• Guideposts for future architects and urban planners



    IT’S been years since my five graduations from elementary, classical secondary education in the seminary, college at the University of Santo Tomas, master’s degree from the University of the Philippines, and continuing education at Harvard University. That is why it came as a surprise that the Polytechnic University of the Philippines (PUP) invited me to be their commencement speaker and to confer on me the degree of Doctor of Fine Arts (honoris causa). It is truly an honor to be a part of PUP, the largest state university in the Philippines.

    Let me share with you excerpts of my message to the new graduates of PUP. First, we should thank above all the Chief Architect up there for we are merely instruments of His great works. We must also thank our parents—our first teachers— our benefactors who paid for our education and our teachers, professors, lecturers, instructors. Henry Adams said, “A teacher affects eternity, he can never tell where his/her influence stops.”

    We must also realize and appreciate that the Philippines is a country with high development potential. We are the first in the world in terms of marine biodiversity and also considered first in having the best sailors and seafarers. I would also like to believe that we are No. 1 in musicians. We are the first in call centers, having surpassed India, second in BPOs, and third in the longest coastline; some countries go to war to claim longer waterfronts like Iraq invading Kuwait, and Dubai, with only 70 kilometers of waterfront, created the Palm Islands. We are fourth in gold and shipbuilding; fifth in all mineral resources and No. 12 in human resources. Filipino expatriates are the popular choice of kings, queens, sheiks, presidents, prime ministers, developers, hospitals, schools, cruise ships, among many other international employers.

    In order to maximize the potential of our country and put the Philippines in the top 20 economies of the world by 2021, we must effectively address corruption, climate change, and criminality. Corruption, as I learned from the seminary, comes from two Latin words “cor” or the heart and “rupture” or breaking down together. With the prevalence of corruption, we seem to live in a country or society with a broken heart. It is up to you, the future leaders of this nation, to use your education and skills in bringing our nation towards global excellence.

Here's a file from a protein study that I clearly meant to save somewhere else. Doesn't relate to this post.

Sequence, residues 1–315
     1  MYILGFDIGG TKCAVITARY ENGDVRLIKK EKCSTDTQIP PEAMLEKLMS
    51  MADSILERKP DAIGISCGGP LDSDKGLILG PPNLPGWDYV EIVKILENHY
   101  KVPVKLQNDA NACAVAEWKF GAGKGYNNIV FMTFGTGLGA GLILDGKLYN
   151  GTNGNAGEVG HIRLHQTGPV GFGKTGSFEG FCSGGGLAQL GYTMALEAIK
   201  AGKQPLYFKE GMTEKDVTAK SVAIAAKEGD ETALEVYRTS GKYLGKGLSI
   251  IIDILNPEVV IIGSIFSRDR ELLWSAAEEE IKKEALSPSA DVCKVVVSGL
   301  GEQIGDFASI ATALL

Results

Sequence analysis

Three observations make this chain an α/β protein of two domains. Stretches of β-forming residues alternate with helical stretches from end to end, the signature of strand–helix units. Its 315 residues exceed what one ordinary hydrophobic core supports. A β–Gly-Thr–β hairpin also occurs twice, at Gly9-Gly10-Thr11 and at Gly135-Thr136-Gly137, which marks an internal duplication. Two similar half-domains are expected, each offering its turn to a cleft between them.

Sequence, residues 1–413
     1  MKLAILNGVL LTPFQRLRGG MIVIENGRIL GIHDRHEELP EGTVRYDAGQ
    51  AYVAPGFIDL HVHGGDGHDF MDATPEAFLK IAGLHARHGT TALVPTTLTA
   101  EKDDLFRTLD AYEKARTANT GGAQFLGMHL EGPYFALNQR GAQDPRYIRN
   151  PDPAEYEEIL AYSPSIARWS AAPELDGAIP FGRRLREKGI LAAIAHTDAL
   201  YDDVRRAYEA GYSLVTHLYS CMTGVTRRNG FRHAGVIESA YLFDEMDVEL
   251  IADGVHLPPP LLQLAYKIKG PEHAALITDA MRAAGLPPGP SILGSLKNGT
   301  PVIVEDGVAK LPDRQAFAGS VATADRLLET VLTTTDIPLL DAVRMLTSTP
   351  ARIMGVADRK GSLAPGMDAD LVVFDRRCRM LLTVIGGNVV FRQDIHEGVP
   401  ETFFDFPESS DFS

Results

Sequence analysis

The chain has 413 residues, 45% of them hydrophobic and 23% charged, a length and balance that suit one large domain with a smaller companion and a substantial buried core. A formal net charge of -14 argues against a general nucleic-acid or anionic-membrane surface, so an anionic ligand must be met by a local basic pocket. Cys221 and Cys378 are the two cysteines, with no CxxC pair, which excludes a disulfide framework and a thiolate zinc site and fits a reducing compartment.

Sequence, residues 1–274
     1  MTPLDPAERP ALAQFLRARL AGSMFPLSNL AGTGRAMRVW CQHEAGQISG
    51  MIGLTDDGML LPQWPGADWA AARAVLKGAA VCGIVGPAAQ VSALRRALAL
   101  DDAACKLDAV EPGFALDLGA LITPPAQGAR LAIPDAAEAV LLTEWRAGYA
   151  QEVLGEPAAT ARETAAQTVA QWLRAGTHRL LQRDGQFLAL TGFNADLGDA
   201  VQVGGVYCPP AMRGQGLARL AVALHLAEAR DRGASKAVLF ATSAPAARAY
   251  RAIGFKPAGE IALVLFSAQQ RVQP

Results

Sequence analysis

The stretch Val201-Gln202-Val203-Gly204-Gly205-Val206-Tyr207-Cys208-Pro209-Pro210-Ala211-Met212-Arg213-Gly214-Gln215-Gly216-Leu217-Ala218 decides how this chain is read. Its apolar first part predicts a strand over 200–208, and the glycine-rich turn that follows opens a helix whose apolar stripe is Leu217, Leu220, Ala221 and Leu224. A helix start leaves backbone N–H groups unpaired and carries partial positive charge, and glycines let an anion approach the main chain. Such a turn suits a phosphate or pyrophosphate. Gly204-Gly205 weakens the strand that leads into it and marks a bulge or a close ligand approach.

We can start with ourselves by identifying and strengthening our core values. I always tell my staff that core values are like lighthouses, they cannot be moved. They will always be there to guide us. They don’t move even in stormy weather. If I may share with you, some of our core values include honesty, integrity, innovativeness, agility, and versatility. These core values help us become the proper ladies, gentlemen, and professionals who serve other ladies, gentlemen, and professionals.

    They say the harshest critic you can ever have is yourself, and for someone who works in an industry responsible for the architecture, planning, and design of buildings, towns, communities, and cities for millions of people, you need to be at the top of your game. At age 67, I still continue my professional development through education. It is very important to continuously seek mentors and coaches because in life, the more you learn, the more you know that you don’t know. Remember that education does not end after graduation; rather it is only the beginning.

    I have also learned through my mentors that every line I draw should improve life rather than disrupt it. If you do a good job, think of the beneficiaries. On the other hand, if you do a bad job, think of the sufferers. For instance, if you forget to put access for persons with disabilities (PWDs) in your building, one of the sufferers could be your grandmother or grandfather. Mistakes are better made on paper than in concrete.

    One of my favorite quotes is that of Daniel Burnham, who planned Manila in 1905 and Baguio in 1909. He said: “Make no little plans; they have no magic to stir men’s blood and probably themselves will not be realized. Make big plans. Aim high in high hope and work. Remember that a noble diagram, once recorded will never die. But long after we are gone will be a living thing, asserting itself with ever growing insistence. Remember that our sons and daughters are going to do things that would stagger us. Let your watchword be Order and beacon Beauty.”

    In 2006, at the 60th anniversary of the United Nations held in New York, I suggested that all the continents of the world should be connected by bridges, tunnels, roads and railways. People might have thought it a crazy idea at the time. Not long ago, scientists and experts affirmed my idea and one even said it would cost cheaper than the Gulf War. In our professional practice at Palafox Associates and Palafox Architecture, we take pictures of the “uglification” of our cities and reimagine them into better places. We then turn these ideas into powerful images and send them to our politicians as Postcards from the Future. Dreaming big, I have always been inspired by a quote from Robert Francis Kennedy, “Some men see things as they are and say, ‘Why?’ I dream things that never were and say, ‘Why not?’ ”

    Lastly, I would like to leave with you all, not just the new graduates, an assignment my professor at Harvard has given me. He told us to write our own eulogy. What legacy will you leave behind for your children and the future generations?


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